Indexed on: 01 Dec '10Published on: 01 Dec '10Published in: British Journal of Dermatology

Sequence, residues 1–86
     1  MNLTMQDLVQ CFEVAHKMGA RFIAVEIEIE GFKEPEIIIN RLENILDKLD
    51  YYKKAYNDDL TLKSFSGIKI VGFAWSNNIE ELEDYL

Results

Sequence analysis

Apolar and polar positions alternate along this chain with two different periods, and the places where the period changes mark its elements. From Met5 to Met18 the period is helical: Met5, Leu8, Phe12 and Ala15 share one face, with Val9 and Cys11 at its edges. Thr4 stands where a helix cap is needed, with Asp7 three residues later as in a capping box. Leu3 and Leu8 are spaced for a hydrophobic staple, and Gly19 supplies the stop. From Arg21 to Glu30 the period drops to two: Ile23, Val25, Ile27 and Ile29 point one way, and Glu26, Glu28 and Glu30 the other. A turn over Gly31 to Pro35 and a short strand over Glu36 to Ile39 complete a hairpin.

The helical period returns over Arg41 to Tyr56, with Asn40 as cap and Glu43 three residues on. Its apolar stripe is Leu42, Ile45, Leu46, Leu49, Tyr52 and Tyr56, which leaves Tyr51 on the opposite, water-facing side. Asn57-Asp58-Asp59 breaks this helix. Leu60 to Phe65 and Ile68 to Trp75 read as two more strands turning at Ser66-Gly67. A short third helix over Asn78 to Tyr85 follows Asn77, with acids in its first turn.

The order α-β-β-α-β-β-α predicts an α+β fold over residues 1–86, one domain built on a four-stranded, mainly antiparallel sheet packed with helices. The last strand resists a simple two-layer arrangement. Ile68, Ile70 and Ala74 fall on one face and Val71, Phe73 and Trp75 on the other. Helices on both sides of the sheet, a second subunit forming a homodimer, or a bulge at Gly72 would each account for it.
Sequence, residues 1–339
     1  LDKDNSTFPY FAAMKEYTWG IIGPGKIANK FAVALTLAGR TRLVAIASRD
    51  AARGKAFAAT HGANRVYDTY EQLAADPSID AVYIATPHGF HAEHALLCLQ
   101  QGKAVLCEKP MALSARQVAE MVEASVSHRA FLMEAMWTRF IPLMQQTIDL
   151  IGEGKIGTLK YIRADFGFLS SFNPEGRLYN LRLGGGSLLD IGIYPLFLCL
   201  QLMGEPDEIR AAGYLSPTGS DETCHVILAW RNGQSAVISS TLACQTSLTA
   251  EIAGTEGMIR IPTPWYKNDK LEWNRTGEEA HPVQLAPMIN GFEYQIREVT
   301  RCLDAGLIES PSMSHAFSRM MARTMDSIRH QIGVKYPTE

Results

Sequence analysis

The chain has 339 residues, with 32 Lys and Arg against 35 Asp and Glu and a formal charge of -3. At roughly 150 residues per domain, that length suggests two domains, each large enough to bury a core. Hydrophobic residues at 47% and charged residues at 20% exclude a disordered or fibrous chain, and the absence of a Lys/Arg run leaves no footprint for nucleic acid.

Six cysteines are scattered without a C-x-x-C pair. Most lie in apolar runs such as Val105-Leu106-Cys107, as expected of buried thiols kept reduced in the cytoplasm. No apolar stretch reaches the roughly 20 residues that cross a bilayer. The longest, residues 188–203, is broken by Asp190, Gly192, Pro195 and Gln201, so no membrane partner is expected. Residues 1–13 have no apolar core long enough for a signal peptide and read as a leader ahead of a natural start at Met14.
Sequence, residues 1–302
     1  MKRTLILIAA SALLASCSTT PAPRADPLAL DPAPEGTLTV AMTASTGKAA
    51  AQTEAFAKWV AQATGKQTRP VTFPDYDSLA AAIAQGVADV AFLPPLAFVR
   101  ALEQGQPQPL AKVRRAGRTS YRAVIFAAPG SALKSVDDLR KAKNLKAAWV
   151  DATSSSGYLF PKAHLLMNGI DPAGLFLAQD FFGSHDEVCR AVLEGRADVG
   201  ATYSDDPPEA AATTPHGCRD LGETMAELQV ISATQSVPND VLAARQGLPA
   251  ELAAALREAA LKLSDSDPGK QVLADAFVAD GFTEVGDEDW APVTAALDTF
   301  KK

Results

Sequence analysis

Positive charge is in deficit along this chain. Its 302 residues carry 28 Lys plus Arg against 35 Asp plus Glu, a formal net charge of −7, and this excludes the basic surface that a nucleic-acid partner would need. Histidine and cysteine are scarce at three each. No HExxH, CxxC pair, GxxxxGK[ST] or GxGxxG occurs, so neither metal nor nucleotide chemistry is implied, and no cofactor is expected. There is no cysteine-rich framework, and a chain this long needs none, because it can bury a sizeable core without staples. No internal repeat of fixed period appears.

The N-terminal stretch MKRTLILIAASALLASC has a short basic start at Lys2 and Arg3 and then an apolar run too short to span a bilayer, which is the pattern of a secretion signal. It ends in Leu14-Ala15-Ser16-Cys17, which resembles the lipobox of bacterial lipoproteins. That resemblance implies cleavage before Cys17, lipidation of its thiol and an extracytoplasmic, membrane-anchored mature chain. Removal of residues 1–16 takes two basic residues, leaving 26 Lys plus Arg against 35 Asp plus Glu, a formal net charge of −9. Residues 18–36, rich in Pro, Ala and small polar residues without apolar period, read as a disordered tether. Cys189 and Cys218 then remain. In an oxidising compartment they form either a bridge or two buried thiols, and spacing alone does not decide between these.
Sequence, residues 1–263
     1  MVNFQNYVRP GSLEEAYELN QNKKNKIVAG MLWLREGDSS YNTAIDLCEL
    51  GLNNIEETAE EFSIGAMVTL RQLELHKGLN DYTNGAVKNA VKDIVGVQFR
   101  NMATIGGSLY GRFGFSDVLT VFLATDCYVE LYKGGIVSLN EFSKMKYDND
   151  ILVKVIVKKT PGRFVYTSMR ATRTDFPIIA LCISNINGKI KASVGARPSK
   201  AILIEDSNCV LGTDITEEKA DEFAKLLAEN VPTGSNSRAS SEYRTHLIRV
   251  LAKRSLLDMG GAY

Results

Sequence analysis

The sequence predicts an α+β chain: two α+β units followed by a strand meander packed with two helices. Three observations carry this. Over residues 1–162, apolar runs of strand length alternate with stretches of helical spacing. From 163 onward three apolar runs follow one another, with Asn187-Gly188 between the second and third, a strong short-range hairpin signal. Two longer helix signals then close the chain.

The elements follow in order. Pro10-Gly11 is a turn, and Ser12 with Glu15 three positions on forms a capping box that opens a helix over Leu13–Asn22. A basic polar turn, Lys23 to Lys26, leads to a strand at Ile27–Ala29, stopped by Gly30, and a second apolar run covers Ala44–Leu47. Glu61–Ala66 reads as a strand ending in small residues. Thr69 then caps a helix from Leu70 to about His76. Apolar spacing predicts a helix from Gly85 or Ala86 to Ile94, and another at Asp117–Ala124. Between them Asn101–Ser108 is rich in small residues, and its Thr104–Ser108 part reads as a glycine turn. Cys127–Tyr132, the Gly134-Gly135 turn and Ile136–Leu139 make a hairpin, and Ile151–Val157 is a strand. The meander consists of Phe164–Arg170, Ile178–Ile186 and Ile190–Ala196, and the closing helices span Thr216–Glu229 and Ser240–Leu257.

Vitiligo and halo naevi can present together or separately. Whether they are different entities remains unclear.To assess the clinical significance of halo naevi, both with respect to the future development of vitiligo, and to the clinical profile and course of vitiligo.In total, 291 patients were included in this study: patients with only halo naevi (group 1; n=40), patients with generalized vitiligo without halo naevi (group 2; n=173) and patients with generalized vitiligo with halo naevi (group 3; n=78).Patients with only halo naevi (group 1) reported significantly less associated autoimmune disease (P=0·001), were less likely to have a family history of vitiligo (P=0·013) and were less likely to have presence of Koebner phenomenon (P<0·001) compared with patients with generalized vitiligo (groups 2+3). Multiple halo naevi (≥3) were significantly more frequently observed (P=0·002) in patients from group 1 compared with patients from group 3. In group 3, halo naevi were reported prior to the development of vitiligo in 61% (mean±SD time interval of 33·7±5·17months). No significant correlation was observed between the presence of halo naevi and the extent, activity or subtype of vitiligo. However, halo naevi in patients with vitiligo significantly reduced the risk for associated autoimmune diseases, and age at onset of vitiligo was significantly lower compared with patients with vitiligo without halo naevi (P<0·001).Our results support the hypothesis that halo naevi can represent a distinct condition. In a subset of patients, the occurrence of halo naevi may be an initiating factor in the pathogenesis of vitiligo.